Rational minds prevailed. That sentence is seldom written when guns are involved.
1863 – Louis Cyr.
Strongman. The French-Canadian Cyr is reputedly to be the strongest man who has ever lived. Eighteen pounds at birth, Cyr was already working as a lumberjack at age twelve. He easily won any strongman contests he entered and some of his feats of strength include lifting over 500 pounds with one finger, winning a tug-of-war against four draft horses, and lifting a platform carrying eighteen men. Cyr worked as a policeman for a while and also owned a tavern. He stood 5’8” inches tall and weighed anywhere from 250 to 400 pounds. Cyr’s kidneys failed him and he died at the age of forty-nine.
Eighteen pounds at birth! His mother obviously was no weakling either.
1933 – Thomas John Kummer. AKA Jay Sebring.
Hollywood hair stylist who was murdered, along with Sharon Tate, Wojciech Frykowski, and Abigail Folger, by members of the Manson gang on August 9th, 1969.
A book about the murders, capture and trial of the Manson gang, “Helter Skelter,” written by the prosecutor, Vincent Bugliosi, is a gruesome but captivating read.
1946 – John Prine.
Singer and songwriter. Although he has never had a major hit, Prine’s body of work ensures his musical legacy. Some of his songs are “Jesus the Missing Years,” “Angel From Montgomery,” “Sam Stone,” and “Your Flag Decal Won’t Get You into Heaven Anymore.” Each of Prine’s songs is a story; he is as much of a storyteller as a songwriter.
And that’s probably why I love him, because I’m basically a storyteller at heart. My favorite might be “Donald and Lydia.”
Lydia hid her thoughts like a cat
Behind her small eyes sunk deep in her fat.
There were spaces between Donald and whatever he said.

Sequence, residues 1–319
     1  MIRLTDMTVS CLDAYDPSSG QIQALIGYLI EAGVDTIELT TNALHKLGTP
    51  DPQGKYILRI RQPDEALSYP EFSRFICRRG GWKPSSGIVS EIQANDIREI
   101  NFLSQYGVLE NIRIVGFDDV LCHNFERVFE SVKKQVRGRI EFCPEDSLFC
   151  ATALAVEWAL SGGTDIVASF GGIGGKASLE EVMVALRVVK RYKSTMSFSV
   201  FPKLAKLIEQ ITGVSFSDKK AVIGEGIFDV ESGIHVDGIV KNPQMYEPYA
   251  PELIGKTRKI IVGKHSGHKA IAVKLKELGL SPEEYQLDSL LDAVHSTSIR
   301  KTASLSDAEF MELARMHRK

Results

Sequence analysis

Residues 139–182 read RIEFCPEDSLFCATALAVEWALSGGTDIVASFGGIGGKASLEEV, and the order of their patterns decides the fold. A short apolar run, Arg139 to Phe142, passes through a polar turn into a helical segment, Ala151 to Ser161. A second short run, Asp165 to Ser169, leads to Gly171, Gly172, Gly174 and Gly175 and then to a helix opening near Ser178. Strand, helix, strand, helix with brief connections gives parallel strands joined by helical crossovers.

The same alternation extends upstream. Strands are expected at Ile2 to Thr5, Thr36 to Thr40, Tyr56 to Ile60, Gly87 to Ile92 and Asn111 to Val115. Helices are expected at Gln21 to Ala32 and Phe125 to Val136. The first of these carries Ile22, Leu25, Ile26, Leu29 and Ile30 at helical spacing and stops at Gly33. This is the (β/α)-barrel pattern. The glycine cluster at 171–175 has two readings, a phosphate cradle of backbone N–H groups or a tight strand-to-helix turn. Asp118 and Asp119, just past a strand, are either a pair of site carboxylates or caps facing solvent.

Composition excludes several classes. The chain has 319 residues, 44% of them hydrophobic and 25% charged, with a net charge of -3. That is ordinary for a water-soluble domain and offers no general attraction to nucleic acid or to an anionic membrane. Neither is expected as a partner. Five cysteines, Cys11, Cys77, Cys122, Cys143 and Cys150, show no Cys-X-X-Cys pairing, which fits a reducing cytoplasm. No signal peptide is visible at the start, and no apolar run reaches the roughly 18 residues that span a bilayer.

Strangers had forced him to live in his head.
The made love in the mountains, they made love in the streams,
They made love in the valleys, they made love in their dreams.
But when they were finished there was nothing to say,
’cause mostly they made love from ten miles away.
Every time I hear it I’m blown away.
ABOUT GARY JENNEKE
At various junctures of his life, Gary has been an indifferent grade school student, poor high school student, good Navy radioman, one-time hippie, passable college student, inveterate traveler, dedicated writer, miscast accountant (except for one interesting stint at a Communist café), part-time screenwriting teacher, semi-proud veteran, unsuccessful retiree and new blogger.
You can reach him at firstname.lastname@example.org.
The above information was sourced from the following sites and newspapers.
We’d also like to thank the following photographers and videographers for the use of their images:
* Lead-In Image (Louis Cyr statue, Montreal) – meunierd / Shutterstock.com
* Louis Cyr (video) – Historica Canada / YouTube.com
* John Prine (song) – ILLCROOK / YouTube.com
* Outro (Man-In-Museum Cartoon) – SkyPics Studio / Shutterstock.com